Candidates continue to be dropped and their votes redistributed until one candidate reaches the 50 per cent threshold, ensuring that a majority of voters get an MP they prefer over at least some of the other candidates.
An analysis of the results of the federal election, combined with regional-level second-choice polling conducted at the end of the campaign, suggests that had a preferential ballot been the method used to elect MPs on Oct. 19, all else being equal, the Liberals would have won an even larger majority.
Based on this analysis, the Liberals would have seen their seat total balloon from 184 to 224 seats, a gain of 40 seats over their actual performance. The Conservatives' seat total would have slid to 61 from 99, a drop of 38 seats, while the New Democrats would have been boosted slightly to 50 seats from 44. The Greens would not have increased their tally, while the Bloc would have dropped to two seats from 10.
The Liberals benefit from this system because they get almost all of the second-choice support from NDP voters, and are the preferred option for Conservative voters over the New Democrats.
In all, the Liberals would have either placed first or lost on the final ballot in 76 per cent of ridings, compared with 45 per cent for the Conservatives and just 26 per cent for the New Democrats. That means that Conservative candidates would have been dropped off in a majority of ridings before a winner was decided, while the NDP's candidates would have been dropped off in almost three-quarters of ridings.
The Conservatives are the consensus second choice of no group of voters, meaning that unless the Conservative candidate takes a very large proportion of the vote on the first ballot (well over 40 per cent) he or she would be overtaken by either the Liberal or NDP candidate who might have initially trailed by 20 points.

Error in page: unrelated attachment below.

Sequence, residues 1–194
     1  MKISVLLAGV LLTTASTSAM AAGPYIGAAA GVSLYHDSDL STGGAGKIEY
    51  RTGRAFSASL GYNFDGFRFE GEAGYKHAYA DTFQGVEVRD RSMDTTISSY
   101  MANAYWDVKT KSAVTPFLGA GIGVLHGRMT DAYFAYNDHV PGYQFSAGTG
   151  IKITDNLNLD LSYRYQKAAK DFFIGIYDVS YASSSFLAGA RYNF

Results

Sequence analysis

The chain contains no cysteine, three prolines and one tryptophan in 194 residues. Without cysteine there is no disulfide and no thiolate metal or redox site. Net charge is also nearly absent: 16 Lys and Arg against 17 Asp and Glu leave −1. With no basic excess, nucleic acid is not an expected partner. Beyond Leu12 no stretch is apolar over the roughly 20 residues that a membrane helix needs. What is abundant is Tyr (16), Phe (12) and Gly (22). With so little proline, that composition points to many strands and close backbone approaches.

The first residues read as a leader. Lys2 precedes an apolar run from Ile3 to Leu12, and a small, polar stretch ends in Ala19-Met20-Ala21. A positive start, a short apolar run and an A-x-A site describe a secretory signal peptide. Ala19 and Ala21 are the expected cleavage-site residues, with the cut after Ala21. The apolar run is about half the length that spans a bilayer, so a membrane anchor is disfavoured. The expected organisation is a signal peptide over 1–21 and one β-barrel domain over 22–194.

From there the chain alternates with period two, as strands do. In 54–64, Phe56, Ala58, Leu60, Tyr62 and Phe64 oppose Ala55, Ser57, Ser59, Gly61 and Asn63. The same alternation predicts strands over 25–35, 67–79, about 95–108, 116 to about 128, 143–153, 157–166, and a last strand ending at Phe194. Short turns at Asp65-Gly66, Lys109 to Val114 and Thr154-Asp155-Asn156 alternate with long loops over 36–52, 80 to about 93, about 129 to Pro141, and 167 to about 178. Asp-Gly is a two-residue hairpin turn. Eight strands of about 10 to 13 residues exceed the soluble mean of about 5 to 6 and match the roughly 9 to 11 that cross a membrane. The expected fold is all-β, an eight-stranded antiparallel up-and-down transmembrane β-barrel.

Change in campaigning
The New Democrats would be better off in contests against the Conservatives under this system, as they pick up the support of Liberals and Greens. And they do better than the Conservatives in one-on-one battles with the Liberals, losing about 61 per cent of those races to the Liberals instead of the Conservatives' loss rate of 88 per cent in Tory-Liberal races.
Of course, a change in the electoral system would transform how the parties campaign. Energizing the base and taking swing voters away from other parties would no longer be enough — leaders would also need to woo supporters of their opponents for those second-choice votes, and avoid alienating other voters entirely.
These estimates of how a change in the electoral system could have changed the results of the last election assume that voters do not behave much differently and that, more importantly, the parties do not overhaul their political strategies in order to adapt to a new system. But these limitations in this speculative exercise only serve to underline how important it would be for the opposition parties to take a different approach to campaigning — if they don't, it might be even harder to win next time.